The Nuclear Power Ghana (NPG), the entity spearheading Ghana’s quest to establish a nuclear power plant, has held a three-day capacity-building workshop for selected media professionals in Accra.

The workshop, which was on the theme: ‘Nuclear safety, public fear and concern’, gave the media professionals more insight into the International Atomic Energy Agency’s (IAEA) safety requirements at each stage of nuclear power plants with facilitators allaying the notorious fear that nuclear energy is hazardous to human health.

Delivering a welcome address, Nuclear Power Ghana’s Public Affairs Manager, Ms Bellona-Gerard Vittor-Quao, explained that nuclear energy, as a technology, requires a lot of engagement with the public and with the media being close to the people, the capacity of the professionals needed to be built to educate the public to accept the alternative source of energy.

She noted, therefore, that the decisions on building plants, supporting government funding and investing in the nuclear industry depend on public acceptance.

Nuclear safety, she continued, is one of the most important components of any international and national commitment associated with the use of nuclear energy for electricity generation, adding that “it covers a wide range of activities such as ensuring proper operating conditions for nuclear installations, preventing accidents, and mitigating the consequences should they happen.

“This explains why the planning and eventual construction of a Nuclear Power Plant is very detailed and includes decommissioning activities. It is a well-regulated space and requires very careful planning and execution,” Ms. Vitor-Quao clarified.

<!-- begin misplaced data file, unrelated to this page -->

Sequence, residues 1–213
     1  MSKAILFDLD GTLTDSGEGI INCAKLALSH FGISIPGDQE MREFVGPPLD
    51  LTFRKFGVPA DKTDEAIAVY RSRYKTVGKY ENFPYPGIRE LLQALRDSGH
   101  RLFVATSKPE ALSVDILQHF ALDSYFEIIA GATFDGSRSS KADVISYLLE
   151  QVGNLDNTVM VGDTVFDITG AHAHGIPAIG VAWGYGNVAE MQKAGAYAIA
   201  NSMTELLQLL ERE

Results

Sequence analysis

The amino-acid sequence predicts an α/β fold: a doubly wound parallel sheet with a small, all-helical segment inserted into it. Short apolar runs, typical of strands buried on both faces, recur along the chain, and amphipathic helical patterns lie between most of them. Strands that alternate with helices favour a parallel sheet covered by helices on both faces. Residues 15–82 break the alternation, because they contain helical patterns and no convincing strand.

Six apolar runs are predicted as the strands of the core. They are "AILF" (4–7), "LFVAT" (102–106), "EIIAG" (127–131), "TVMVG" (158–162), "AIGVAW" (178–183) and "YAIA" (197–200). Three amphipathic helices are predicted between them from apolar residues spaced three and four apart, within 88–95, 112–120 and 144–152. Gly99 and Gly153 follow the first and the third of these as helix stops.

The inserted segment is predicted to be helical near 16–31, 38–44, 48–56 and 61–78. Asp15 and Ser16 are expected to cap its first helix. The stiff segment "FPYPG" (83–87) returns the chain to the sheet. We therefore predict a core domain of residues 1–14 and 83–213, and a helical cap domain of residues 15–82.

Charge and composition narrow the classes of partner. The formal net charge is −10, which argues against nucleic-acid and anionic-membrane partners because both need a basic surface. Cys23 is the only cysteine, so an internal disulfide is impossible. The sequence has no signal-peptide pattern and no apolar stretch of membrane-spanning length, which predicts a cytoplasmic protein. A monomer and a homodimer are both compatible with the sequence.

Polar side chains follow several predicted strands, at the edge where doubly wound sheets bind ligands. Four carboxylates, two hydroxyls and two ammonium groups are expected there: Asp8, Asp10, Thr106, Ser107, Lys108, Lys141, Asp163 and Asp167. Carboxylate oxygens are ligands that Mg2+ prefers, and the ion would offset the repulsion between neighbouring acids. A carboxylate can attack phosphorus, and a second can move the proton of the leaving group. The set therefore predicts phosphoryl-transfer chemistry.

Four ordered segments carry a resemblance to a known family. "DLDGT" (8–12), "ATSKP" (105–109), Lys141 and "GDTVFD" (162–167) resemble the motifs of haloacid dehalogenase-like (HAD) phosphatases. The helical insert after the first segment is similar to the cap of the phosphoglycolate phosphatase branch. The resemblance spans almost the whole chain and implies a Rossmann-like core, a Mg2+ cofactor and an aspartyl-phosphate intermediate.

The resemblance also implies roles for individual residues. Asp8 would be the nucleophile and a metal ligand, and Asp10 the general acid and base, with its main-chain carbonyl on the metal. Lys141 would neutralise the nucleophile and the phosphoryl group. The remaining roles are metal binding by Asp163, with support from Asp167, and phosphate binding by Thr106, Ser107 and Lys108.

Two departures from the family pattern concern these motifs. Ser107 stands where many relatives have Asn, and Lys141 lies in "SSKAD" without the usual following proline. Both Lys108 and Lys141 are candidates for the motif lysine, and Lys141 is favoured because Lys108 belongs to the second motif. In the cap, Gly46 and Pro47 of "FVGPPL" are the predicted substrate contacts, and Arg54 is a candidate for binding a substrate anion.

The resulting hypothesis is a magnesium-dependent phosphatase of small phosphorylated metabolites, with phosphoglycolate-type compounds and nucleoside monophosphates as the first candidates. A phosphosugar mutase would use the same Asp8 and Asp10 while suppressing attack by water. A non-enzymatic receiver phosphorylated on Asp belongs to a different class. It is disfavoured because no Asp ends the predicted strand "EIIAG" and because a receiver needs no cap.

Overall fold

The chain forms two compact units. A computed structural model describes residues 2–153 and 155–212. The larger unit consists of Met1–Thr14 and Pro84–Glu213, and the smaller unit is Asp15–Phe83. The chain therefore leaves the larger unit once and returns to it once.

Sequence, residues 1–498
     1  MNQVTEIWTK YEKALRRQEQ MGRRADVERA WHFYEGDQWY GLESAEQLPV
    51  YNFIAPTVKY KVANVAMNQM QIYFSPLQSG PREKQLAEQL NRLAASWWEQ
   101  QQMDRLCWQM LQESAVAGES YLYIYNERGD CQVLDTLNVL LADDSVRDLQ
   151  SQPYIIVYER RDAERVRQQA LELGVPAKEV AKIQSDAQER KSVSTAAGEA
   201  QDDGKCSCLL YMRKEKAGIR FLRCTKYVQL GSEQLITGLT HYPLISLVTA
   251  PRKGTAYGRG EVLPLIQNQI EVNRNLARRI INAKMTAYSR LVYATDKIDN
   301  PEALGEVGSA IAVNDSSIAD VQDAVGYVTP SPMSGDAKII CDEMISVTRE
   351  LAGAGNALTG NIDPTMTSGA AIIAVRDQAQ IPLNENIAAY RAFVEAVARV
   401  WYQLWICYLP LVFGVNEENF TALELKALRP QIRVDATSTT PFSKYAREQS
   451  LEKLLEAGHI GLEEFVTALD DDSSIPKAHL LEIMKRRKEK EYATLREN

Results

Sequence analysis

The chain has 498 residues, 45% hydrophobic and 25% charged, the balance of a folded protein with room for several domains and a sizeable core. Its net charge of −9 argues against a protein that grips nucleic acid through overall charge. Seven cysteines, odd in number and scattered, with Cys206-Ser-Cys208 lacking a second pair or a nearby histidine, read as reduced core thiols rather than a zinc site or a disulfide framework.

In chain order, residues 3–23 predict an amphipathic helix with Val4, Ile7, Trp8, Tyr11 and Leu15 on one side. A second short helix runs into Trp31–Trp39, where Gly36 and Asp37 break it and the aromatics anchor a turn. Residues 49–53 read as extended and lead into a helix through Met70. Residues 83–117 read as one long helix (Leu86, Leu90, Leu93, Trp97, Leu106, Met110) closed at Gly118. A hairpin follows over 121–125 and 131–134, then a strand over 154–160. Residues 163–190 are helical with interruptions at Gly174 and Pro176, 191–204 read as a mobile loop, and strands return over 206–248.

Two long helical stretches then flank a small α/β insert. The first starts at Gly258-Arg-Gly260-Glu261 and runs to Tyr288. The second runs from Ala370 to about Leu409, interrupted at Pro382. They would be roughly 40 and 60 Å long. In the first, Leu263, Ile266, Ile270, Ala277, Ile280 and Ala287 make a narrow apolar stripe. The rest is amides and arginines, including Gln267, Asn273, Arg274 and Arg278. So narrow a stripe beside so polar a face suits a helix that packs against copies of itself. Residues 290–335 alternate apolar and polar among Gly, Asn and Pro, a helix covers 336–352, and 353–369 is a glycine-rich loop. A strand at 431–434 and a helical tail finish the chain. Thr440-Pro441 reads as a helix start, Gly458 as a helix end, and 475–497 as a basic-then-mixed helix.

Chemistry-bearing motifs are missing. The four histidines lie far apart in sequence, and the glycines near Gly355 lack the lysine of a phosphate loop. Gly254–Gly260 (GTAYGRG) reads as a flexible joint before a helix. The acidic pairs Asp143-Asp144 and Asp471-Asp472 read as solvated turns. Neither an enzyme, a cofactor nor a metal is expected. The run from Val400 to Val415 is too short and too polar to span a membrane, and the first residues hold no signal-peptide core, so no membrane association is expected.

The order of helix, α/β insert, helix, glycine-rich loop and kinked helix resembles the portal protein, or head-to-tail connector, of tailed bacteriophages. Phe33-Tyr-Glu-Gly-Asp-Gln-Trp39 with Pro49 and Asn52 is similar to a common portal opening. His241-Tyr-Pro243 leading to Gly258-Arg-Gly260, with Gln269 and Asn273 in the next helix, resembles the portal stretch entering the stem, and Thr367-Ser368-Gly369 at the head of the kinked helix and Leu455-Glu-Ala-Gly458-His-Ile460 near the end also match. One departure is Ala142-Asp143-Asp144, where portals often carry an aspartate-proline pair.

Ms. Vittor-Quao said history has proven nuclear energy to be one of the safest and most efficient energy production technologies available to Ghana.

“History has also shown us that misperceptions about nuclear technology have been far more costly for humanity than nuclear energy production itself. For over half a century, nuclear energy has played a significant role in the industrialisation and development of most developed countries,” she explained further.

Not only is nuclear a viable, low-carbon base-load power source but is also one of the safest options for powering a green future.

Concluding, she said: “With scientists and engineers figuring out how to split the atom, harness its energy and convert it to usable electricity, and they continuing to improve reactors and safety systems, this is an opportunity for a future of clean, sustainable electricity.”

President of the Ghana Journalists Association (GJA), Albert Kwabena Dwumfour, in a speech, read for him by Kofi Yeboah, General Secretary of JGA, underscored the need for the workshop to be organised regularly to sharpen the skills of journalists.

Touching on the theme:  ‘Nuclear safety: A public fear and concern’, Mr Dwumfour said it was appropriate because of the negative perception many people hold about nuclear energy.

“In our part of the world, such perception is even worse due to what we see on television and read about the use of nuclear energy for destructive purposes in other parts of the world,” he said.

He emphasised that journalists and the media must educate the people to enable them to fear no more and to do that, journalists and the media need to understand the beat so well.

As part of the training workshop, NPG took the journalists to the Ghana Atomic Energy Commission (GAEC) where they visited the Nuclear Power Institute to familiarise themselves with the operations of the research centre and the functions of the research reactor.

The Director General of the Ghana Atomic Energy Commission (GAEC), Prof. Samuel Boakye Dampare, commended the organisers and lauded the media for making themselves available for the workshop.

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